UnitedHealth Finishes 2016 Strong, Has High Hopes for 2017

2016 was a momentous year for the healthcare industry, and few expect anything different for health insurance giant UnitedHealth Group (NYSE: UNH) in 2017. With massive changes to healthcare laws likely to come in the very near future, UnitedHealth will have to work hard once again to adapt to new requirements while trying to serve its current clients seamlessly. Coming into Tuesday's fourth-quarter financial report, UnitedHealth investors wanted confirmation that the insurer would be able to deliver solid gains in revenue and earnings, and UnitedHealth delivered on that front. Moreover, the company seems quite optimistic about its ability to keep growing in 2017. Let's look more closely at UnitedHealth and its plans to keep dominating the health insurance industry.

Image source: UnitedHealth.

UnitedHealth sees profits soar

UnitedHealth's fourth-quarter results gave investors what they wanted to see. Revenue was up 9% to $47.5 billion, which was slightly better than the 8% growth rate most investors following the stock were looking for from the health insurer. Net income soared 56% to $1.90 billion, and after allowing for some extraordinary items, adjusted earnings of $2.11 per share topped the consensus forecast among investors by $0.04 per share.

Looking more closely at UnitedHealth's numbers, the insurer once again surprised those who've followed the company for a long time by posting stronger growth from its UnitedHealthcare insurance unit than its Optum division. Revenue at UnitedHealthcare during the fourth quarter jumped more than 15%, while Optum revenue inched upward by just over 1%. In particular, OptumRx revenue actually shrank 5% during the quarter, and gains from the smaller OptumHealth and OptumInsight divisions were just enough to keep the overall Optum business from seeing its top line fall. Moreover, UnitedHealthcare operating earnings jumped more than 80%, compared to just an 18% rise at Optum. However, when you look at full-year numbers, Optum's growth advantage continued to shine through, with the company citing strong organic growth and strategic investments for the gains.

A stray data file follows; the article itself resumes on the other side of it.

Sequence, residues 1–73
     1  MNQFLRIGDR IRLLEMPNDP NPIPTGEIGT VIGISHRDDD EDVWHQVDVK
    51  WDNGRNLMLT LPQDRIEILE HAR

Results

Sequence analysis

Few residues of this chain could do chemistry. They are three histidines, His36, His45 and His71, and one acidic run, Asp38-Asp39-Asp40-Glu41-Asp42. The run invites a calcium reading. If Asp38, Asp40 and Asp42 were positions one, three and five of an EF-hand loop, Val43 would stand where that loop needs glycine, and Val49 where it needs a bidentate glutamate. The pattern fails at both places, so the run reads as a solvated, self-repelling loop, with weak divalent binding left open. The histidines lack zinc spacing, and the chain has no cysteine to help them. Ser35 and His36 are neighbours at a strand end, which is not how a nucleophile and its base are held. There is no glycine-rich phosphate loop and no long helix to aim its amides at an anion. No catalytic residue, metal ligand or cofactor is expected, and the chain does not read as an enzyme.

Within the insurance segment, UnitedHealthcare's gains came from across the board. The Medicare and retirement division saw the biggest overall gains in sales, but the employer and individual division and community and state business also posted gains of more than $1 billion each on the top line. The global division continued to drive the company forward with the best percentage gains as revenue climbed more than 40% from the year-ago quarter. Customer counts rose to nearly 48.6 million, with very similar contributions from all business sources.

UnitedHealth CEO Stephen Hemsley was pleased with the results. "We are privileged today to serve more people in more ways than ever before," Hemsley said, "and we know further growth in 2017 and beyond rests on continuing to drive ever-higher quality and increasing value to consumers, care providers, and customers."

How does 2017 look for UnitedHealth?

Investors also got good news in the form of favorable guidance for 2017. The health insurance giant expects to post 2017 sales of between $197 billion and $199 billion, which would work out to a growth rate of between 6.5% and 7.5% compared to how 2016 finished. Adjusted net earnings guidance for between $9.30 and $9.60 per share will compare favorably to 2016's $8.05 per share, equating to 15% to 19% bottom-line growth.

One thing investors will want to keep looking at is how UnitedHealth responds to further healthcare reform efforts in Washington. The company already announced that it had reduced its offerings to the individual market, and it expects it will serve about 1 million fewer customers as a result of its moves. UnitedHealth has in the past noted the downward pressure its insurance-marketplace policy offerings have had on profits, so changes to or the full repeal of the Affordable Care Act could well be a net positive for the company. Until details are available, though, it will be tough for investors to anticipate the net effect of future law changes.

UnitedHealth shareholders were modestly positive about the news, sending the stock up by a bit less than 1% in pre-market trading following the announcement. Now that 2016 is in the books, it will be interesting to see how UnitedHealth responds to dramatic changes in the months ahead.

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Dan Caplinger has no position in any stocks mentioned. The Motley Fool recommends UnitedHealth Group. The Motley Fool has a disclosure policy.